Kekla Magoon: A Trip Down Memoir Lane
“If the work is going to be good, I believe you have to put yourself into it.”
While this maxim could be true of painting, schoolwork, or filing taxes, Kekla Magoon is talking about writing. We can certainly take her word for it.
Magoon is a Montpelier-based author and a faculty member at the Vermont College of Fine Arts. She has written many books for children and young adults, including a picture book biography Ketanji: Justice Jackson’s Journey to the U.S. Supreme Court, which was released in June. Magoon has also been recognized with many honors, including the Margaret A. Edwards Award, the Boston Globe-Horn Book Award, three Coretta Scott King Honors, the Walter Award Honor, an NAACP Image Award, and has been a finalist for the National Book Award. Readers can look forward to her new middle grade time travel fantasy novel The Secret Library, coming next spring.
Magoon received an FY23 Creation Grant from the Vermont Arts Council in order to pursue work on a new project — a memoir for adults composed of a dozen personal essays about significant non-romantic relationships, currently untitled. The Council grant permitted Magoon to take some time off of teaching to focus on her writing projects. She aims to complete a draft of the work by the end of the year then submit the collection to publishers.
Read on to find out more about Kekla Magoon and her upcoming memoir in her own words.
Please note that the following interview has been edited for length and clarity.
Could you tell me a bit about the original inspiration for the memoir?
Part of why I applied for the grant was that I wanted to try things that I haven’t done before. I’ve published a lot of books, and because of that, my publishing schedule is very particular and there are a lot of demands — certainly the demand of making income. I do a lot of speaking engagements and I do a lot of teaching. I’m on faculty at the Vermont College of Fine Arts. I don’t always have time to experiment. I don’t always have time to expand.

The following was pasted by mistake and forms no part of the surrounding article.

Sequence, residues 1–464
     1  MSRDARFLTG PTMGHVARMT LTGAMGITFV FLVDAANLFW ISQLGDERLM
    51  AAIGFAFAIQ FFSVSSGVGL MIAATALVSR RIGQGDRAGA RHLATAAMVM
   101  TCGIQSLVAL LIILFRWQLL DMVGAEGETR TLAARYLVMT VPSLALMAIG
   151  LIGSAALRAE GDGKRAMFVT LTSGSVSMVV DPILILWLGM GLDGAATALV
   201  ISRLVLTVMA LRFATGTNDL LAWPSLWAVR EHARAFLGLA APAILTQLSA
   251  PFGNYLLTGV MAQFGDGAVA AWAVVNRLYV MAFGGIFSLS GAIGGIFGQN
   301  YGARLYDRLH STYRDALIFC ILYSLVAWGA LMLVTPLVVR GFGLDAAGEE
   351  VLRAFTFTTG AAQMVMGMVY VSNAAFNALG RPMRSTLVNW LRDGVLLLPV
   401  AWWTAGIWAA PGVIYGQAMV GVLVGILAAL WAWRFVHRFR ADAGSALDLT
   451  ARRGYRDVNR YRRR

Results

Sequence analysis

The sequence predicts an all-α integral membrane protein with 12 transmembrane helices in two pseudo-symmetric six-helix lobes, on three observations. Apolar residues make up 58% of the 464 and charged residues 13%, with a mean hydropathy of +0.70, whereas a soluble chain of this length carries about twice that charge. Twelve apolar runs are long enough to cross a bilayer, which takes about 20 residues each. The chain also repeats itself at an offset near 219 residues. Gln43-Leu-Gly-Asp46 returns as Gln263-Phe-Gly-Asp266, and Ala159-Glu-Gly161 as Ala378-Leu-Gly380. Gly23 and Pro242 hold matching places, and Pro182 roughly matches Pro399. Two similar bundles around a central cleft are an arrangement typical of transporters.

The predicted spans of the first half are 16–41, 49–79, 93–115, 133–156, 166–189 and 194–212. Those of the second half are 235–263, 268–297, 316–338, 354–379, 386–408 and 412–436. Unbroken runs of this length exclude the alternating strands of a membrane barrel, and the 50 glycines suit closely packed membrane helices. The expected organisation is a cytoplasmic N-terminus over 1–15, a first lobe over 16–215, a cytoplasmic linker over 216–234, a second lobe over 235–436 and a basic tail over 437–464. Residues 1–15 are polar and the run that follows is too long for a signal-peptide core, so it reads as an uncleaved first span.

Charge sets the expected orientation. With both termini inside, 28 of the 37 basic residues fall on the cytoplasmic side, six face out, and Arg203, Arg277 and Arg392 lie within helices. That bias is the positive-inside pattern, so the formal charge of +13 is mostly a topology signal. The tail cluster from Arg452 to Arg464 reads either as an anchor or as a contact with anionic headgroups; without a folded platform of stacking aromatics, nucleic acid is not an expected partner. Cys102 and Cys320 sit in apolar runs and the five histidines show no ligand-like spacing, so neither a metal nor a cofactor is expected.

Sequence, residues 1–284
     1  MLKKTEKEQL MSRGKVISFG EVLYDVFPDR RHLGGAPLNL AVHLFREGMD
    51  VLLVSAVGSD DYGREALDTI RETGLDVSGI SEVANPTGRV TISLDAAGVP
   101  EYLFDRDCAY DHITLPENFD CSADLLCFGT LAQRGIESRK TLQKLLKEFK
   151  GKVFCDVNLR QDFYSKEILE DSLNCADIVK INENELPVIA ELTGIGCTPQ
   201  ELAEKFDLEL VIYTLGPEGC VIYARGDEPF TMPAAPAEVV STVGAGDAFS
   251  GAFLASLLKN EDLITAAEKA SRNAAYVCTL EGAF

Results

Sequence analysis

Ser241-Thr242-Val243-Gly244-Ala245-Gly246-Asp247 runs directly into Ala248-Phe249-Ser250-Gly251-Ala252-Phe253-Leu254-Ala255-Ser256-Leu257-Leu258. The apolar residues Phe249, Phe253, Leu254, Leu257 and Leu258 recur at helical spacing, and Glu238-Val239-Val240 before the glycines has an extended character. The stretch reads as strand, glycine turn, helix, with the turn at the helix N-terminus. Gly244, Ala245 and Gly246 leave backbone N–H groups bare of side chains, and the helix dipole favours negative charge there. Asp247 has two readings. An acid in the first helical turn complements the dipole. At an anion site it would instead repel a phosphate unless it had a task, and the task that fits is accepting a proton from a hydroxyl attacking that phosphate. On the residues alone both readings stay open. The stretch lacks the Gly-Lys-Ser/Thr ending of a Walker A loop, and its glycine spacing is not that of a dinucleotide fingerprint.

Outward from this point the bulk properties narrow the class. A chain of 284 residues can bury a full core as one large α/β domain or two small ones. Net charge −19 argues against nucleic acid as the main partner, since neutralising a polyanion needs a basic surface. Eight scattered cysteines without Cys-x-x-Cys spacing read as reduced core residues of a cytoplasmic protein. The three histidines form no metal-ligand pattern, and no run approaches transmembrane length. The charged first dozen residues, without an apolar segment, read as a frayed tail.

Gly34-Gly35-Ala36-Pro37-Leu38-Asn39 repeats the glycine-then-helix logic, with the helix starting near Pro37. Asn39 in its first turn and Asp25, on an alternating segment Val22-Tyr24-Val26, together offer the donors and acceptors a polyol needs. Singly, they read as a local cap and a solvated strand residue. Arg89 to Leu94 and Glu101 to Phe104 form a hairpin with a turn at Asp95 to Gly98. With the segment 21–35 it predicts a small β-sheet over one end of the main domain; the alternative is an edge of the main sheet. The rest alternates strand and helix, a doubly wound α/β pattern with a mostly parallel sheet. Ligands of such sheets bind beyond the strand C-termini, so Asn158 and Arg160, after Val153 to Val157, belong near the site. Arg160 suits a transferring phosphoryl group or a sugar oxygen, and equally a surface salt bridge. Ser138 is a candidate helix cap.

One of the genres that I really enjoy reading is essay collections, especially humorous essays that are generally written by women [and] are just about their own lives and their own experiences. I’ve always aspired to write that kind of personal narrative — nonfiction with humor [laughs] and heart — and to explore a genre that’s very far removed from the audience that I typically write for.
What can you share about the subject of the memoir?
I proposed a project that would allow me to write some personal essays to explore the concept of relationships that one has as a single adult. Our society is so bent on the idea that everybody needs to be in a relationship and a partnership, in a marriage — that’s considered the highest form of relationship culturally, right?
As a single woman in your twenties, in your thirties, now in my forties, people are always kind of like, “Oh, well, are you online? Are you getting out there? Are you looking for your person?” I think a lot of other people experience that pressure more extremely than I do. I don’t feel a lot of stress about that social pressure in my life right now. But part of why is because I have all these other relationships that are really fulfilling to me.
I have wonderful parents, and I’ve had the opportunity to even go back and live with them as an adult for a period of time and really get to know them. I have a brother and a sister-in-law and a little nephew. I have these cats [laughs]. I have a relationship with a lot of other writers — just really good friends who know how to celebrate and appreciate different aspects of who I am and bring out different strengths of mine and provide the kind of solace and comfort and community and support that people are expected to get from romantic relationships. [In this memoir,] I really wanted to think about how those relationships have meaning in my life.
As a historical fiction author, how has it felt to switch from writing about the historical past to your personal past?
It’s interesting because [with] fiction, you don’t have to think about that directly, right? [She laughs.] You kind of create this distance where you’re always exploring your own emotions and you’re always putting yourself into the work. If the work is going to be good, I believe you have to put yourself into it, but it’s behind all these layers, right? It’s veiled a little bit, which is also something that I think is valuable from a reading perspective. You can read a fictional narrative about some experience that might be similar to something you’ve gone through, but you don’t have to then own it. You can be like, “Oh, I understand how that would feel,” and you’re sort of putting it on this other character. So I do like that distance. I like the distance of fiction, so it is a challenge to directly say what I think, or what I feel, or what I felt in a particular moment.
Whom do you see as the target audience for this book, and what do you want them to take away?
I think who I want to be speaking to is other people like me. You know, people who are caught in the mythology that the only way, the only path to happiness and fulfillment and success in life is that you are partnered with someone in a long-term way.